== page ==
Scholars now use the term ‘new diplomatic history’ to describe a range of scholarly investigations. The common denominator is a turn from diplomatic ends—alliances, settlements, and treaties—to the processes for achieving those ends. Diplomacy appears less as a gateway to understanding interstate relations than as a socially and culturally significant phenomenon in its own right. The diplomat and his, and occasionally her, relationship to sovereign power, have acquired a new visibility. So has every stage of diplomatic encounter: the courtly ceremonies surrounding the commission and reception of diplomats, the gifts they presented and received, the music that entertained them, and the literature that they inspired and often created. As scholars interested in foreign policy, the history and prehistory of modern international relations, and political theory, we welcome this apparently ever-expanding range of inquiry. But this paper argues that it is also time for new diplomatic historians to ground their work in a more rigorous interrogation of such key terms as the ‘state’ and ‘diplomacy’ itself. It introduces the problem of early modern non-state agency as the ideal place to begin this interrogation. Thus far, scholars continue to narrate the diplomat past from realist perspective that privileges states themselves as the primary actors in the international system. The paper suggests adopting instead the perspectives of complex interdependence theory, with its greater attention to such non-state agents as missionaries, merchants, and transnational religious organization, as a better approach to the range of premodern diplomatic activities.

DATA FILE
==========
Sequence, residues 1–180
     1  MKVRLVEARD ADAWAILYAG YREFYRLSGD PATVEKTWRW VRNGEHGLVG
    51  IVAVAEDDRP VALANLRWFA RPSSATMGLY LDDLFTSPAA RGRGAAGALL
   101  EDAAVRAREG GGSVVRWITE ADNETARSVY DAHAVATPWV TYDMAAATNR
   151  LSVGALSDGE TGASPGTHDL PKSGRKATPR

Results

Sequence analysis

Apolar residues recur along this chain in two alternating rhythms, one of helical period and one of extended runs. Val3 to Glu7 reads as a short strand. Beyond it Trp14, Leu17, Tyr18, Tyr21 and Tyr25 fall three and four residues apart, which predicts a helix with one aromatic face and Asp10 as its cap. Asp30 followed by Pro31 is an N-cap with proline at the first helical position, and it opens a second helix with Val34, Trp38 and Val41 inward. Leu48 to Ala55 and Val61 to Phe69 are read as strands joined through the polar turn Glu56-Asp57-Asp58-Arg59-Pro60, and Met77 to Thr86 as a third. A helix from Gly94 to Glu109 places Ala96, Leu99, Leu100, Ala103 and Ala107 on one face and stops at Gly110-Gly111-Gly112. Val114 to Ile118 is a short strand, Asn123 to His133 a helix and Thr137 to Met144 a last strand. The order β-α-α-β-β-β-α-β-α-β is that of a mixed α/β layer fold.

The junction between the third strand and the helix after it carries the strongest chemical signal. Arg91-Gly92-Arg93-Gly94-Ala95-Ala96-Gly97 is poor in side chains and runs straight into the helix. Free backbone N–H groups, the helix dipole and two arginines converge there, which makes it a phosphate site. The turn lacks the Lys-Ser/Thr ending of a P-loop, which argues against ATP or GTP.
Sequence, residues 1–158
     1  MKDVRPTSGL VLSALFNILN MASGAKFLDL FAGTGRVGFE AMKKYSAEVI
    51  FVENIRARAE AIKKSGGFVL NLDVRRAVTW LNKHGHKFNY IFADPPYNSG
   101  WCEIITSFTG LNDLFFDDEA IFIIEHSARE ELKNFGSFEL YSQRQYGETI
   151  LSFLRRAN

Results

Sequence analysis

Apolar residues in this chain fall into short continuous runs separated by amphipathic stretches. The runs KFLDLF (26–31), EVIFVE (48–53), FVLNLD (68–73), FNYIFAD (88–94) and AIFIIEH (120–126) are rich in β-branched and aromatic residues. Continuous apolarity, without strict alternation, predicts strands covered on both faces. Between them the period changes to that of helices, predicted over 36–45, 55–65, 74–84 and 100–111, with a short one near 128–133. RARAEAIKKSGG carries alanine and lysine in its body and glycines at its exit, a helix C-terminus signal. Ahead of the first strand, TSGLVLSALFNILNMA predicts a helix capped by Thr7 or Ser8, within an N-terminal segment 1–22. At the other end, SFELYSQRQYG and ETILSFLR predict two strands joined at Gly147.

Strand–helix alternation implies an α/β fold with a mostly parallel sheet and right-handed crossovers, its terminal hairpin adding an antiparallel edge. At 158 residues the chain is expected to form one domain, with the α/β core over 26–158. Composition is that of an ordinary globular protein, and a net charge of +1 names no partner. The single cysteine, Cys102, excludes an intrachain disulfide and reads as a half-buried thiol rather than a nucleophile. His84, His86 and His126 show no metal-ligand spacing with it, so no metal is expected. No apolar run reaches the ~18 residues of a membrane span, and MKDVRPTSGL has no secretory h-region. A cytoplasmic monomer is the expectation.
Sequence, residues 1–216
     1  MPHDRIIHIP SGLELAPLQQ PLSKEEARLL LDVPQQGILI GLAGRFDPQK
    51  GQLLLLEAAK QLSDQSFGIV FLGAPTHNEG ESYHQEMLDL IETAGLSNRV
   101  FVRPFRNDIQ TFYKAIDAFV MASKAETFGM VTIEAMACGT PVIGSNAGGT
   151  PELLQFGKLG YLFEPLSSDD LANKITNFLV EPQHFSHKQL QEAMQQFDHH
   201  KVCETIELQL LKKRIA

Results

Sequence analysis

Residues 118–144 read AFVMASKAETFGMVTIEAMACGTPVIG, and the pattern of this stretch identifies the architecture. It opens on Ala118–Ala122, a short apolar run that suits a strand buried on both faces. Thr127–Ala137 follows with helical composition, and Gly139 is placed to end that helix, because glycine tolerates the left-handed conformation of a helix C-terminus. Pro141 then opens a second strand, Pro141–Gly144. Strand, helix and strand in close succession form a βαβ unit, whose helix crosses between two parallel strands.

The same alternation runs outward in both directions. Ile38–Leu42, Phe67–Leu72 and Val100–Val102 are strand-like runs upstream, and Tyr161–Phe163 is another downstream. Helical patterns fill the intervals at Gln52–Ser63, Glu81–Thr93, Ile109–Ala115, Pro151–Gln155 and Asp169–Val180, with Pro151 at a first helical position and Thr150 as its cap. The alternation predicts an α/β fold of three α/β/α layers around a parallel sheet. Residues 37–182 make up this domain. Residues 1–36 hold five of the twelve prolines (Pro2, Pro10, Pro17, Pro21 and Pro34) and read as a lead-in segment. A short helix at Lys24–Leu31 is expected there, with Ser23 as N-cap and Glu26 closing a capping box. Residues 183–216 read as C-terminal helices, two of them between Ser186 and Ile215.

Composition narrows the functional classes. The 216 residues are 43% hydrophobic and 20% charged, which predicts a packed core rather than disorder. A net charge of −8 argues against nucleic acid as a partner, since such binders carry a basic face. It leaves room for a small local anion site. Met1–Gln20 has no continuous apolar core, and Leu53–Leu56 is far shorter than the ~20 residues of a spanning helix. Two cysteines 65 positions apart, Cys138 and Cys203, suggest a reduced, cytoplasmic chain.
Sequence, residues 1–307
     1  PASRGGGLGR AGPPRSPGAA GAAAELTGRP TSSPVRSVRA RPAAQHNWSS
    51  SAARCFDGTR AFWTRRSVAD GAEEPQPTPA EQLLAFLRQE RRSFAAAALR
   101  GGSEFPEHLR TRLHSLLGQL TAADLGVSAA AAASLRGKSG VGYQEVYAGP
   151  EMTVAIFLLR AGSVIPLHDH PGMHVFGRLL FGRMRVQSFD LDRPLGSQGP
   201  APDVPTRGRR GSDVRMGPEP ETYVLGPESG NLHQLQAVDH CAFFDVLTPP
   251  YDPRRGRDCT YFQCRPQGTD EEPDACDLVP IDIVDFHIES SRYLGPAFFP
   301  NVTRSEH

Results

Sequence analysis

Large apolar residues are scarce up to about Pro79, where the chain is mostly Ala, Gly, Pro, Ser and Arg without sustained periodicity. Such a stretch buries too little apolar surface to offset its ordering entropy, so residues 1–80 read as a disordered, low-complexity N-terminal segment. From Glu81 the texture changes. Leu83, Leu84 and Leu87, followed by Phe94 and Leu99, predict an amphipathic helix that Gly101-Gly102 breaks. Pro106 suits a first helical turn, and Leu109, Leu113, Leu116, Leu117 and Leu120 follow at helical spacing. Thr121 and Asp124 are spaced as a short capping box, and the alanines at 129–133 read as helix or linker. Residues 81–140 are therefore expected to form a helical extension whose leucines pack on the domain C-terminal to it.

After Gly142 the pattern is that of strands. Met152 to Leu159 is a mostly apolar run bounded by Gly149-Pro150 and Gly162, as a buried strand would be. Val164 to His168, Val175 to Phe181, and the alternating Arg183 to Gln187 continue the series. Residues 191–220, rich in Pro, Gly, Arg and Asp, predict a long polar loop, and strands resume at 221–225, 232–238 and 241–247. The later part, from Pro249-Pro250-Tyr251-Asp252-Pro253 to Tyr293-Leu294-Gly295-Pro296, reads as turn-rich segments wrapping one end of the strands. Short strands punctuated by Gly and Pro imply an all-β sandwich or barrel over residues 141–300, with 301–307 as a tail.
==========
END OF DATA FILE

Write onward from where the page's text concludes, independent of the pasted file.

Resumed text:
|Original language||English (US)|
|Title of host publication||Rulers and Elites|
|Editors||Maurits A. Ebben, Louis Sicking|
|Publisher||Brill Academic Publishers|
|Number of pages||19|
|State||Published - 2021|
|Name||Rulers and Elites|
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